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Old 11-11-2009, 12:16 PM
 
Location: Amelia View
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Default Marriage ceremonies and traditions in the 1700s?

Does anyone know, or can recommend a good resource to find out details, about marriages during the colonial and post-colonial times?

What I've picked up so far is that, first, a couple planning to marry had to file intentions. I presume these intentions were filed publicly such as with a town clerk or with a court? I also presume intentions were "published" in some way so that anyone who wanted to object could do so.

The marriage itself: I believe the "legal" marriage was a civil one in front of some magistrate. I also believe that there was, perhaps usually simultaneously, a ceremony in front of a minister or pastor.

Does anyone know what the ceremony would have been like? Did they have the "dearly beloved, we are gathered here today ....."? Did the couple say their "I do's"? Was there any kind of hoop-dee-doo afterwards akin to today's wedding reception?

Another interesting tidbit is that when a child seems to have born before the parents married, that wasn't always exactly true. I was told that couples would marry in church, and for all intents and purposes they were "married". When the circuit judge came through they would go through the civil ceremony, and this would be the marriage date recorded. This would make logical sense for rural and outlying areas that didn't have a permanent court, and civil matters would be taken up when the judge came to town.
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Old 11-11-2009, 01:52 PM
 
Location: Not where you ever lived
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he courting process in Colonial times was entirely different between families and churches. At one time on Long Island, for instance, 52 different languages were spoken, but there was only one Dutch church. The Quaker rites wre different from the Dutch. The Dutch. Caltholic and Quakers all posted Banns. It was commonly posted two times between the announcement of the intended marriage and the marriage itself. Presumably so obljections could be addressed. Jewish weddings were entirely different. The movie "Fiddler On The Roof" is a very good example of a Jewish wedding. It has not change appreciably in the last 5000 years. I suspect most of the Christian Churches during that time whether it was Episcopal, Presbyterian. Lutheran, Anglican or Crist's Churh had similar rites regarding matrimony. Again I speak of 17th and early 18th century religions.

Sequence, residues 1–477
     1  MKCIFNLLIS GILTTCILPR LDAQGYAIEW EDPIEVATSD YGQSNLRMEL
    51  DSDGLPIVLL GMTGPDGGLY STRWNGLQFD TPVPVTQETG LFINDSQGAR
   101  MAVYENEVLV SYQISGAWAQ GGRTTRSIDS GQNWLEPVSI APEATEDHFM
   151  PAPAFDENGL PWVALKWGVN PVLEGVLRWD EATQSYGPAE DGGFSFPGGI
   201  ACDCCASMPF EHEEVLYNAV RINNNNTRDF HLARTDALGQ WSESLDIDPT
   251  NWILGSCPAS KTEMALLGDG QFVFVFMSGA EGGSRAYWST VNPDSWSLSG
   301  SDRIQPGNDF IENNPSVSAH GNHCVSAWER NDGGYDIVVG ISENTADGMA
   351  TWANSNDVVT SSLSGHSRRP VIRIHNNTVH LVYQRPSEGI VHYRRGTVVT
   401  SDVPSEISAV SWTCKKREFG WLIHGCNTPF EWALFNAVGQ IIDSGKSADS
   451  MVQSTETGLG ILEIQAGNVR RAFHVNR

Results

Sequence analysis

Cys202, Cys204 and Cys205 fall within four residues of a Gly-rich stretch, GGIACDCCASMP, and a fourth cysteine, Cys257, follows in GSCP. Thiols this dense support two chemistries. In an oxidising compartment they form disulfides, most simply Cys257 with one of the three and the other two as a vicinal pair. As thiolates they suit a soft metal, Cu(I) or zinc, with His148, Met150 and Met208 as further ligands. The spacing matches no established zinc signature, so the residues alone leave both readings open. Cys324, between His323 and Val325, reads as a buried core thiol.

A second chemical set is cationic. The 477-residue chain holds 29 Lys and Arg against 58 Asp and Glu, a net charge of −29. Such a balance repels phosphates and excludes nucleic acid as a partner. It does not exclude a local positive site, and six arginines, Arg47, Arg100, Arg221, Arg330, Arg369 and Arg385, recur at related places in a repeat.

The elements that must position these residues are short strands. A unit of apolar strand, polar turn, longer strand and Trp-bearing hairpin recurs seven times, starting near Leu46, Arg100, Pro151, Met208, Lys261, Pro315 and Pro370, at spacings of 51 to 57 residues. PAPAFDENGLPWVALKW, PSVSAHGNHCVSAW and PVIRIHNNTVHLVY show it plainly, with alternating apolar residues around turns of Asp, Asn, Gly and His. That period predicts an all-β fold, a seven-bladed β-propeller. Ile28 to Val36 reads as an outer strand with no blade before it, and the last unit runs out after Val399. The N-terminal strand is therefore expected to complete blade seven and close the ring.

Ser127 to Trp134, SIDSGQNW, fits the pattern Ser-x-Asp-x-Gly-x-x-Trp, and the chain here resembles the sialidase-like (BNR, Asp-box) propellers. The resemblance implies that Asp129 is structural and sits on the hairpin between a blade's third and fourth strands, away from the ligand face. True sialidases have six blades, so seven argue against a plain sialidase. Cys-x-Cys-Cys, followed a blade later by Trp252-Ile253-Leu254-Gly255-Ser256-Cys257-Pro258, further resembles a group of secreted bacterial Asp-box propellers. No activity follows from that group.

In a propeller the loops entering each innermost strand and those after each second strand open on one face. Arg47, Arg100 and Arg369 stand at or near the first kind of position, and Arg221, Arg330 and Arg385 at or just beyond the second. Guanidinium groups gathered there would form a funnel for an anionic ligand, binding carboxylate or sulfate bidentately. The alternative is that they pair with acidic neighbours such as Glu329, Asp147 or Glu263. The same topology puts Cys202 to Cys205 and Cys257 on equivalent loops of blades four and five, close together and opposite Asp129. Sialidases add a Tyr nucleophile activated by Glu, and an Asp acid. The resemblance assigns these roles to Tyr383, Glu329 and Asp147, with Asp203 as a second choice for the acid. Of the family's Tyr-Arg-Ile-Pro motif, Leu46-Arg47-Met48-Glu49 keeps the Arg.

I personally have not read anything to date about marriage Banns as it relates to first cousins, as it was not that uncommon for first cousins to marry in the 17th century.

The Methodists, Baptists and Mormons did not form until later in the 18th, or in the 19th centuries.

My ancestor was instrumental in founding the first Presbyter Church in Monmouth County before the Revolutionary War. It was granted a Royal Charter ca 1750. The first Baptist in America formed about 1775 in Rhode Island.
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Old 11-11-2009, 02:16 PM
 
Location: Providence, RI
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I believe you'll find that the First Baptist Church in America was founded by Roger Williams in Rhode Island in 1638 not 1775.
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Old 11-11-2009, 02:24 PM
 
Location: Not where you ever lived
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I believe you are right. Thanks.
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Old 11-11-2009, 03:08 PM
 
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I have a great book about marriages in the Northern Neck of Virginia and there are so many interesting details in there...it is called "Married well and married often" and it covers marriages from the late 1600's- late 1800's...perhaps it could help as well. Just let me know and I can look something up for you.
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Old 11-12-2009, 06:43 AM
 
Location: Amelia View
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Thanks linicx and mrstewart for the info!
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Old 11-12-2009, 08:37 AM
 
Location: Colorado
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The Food Timeline: history notes--Colonial America and 17th & 18th century France

History of Weddings - LoveToKnow Weddings
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Old 11-14-2009, 04:17 PM
bjh
Status: "Happy Thursday, y'all!" (set 19 hours ago)
 
Location: Memphis - home of the king
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About Colonial Marriage Customs | eHow.com

This one's very academic:
http://www.austincc.edu/jdikes/1301r...Ways%20ALL.pdf
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Old 11-15-2009, 04:44 AM
 
Location: Amelia View
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Thanks bjh!! The info in those two links helps to confirm my observations. My database contains as many people as one would find in a small city, and after entering so much information I begin to see traits (currently only for New England where the bulk of my database relates).
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Old 11-15-2009, 12:45 PM
bjh
Status: "Happy Thursday, y'all!" (set 19 hours ago)
 
Location: Memphis - home of the king
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Cool!

I really enjoyed the article from austincc.edu. I found myself "agreeing" with the Puritian POV most. Not surprising since we have so many such ancestors.
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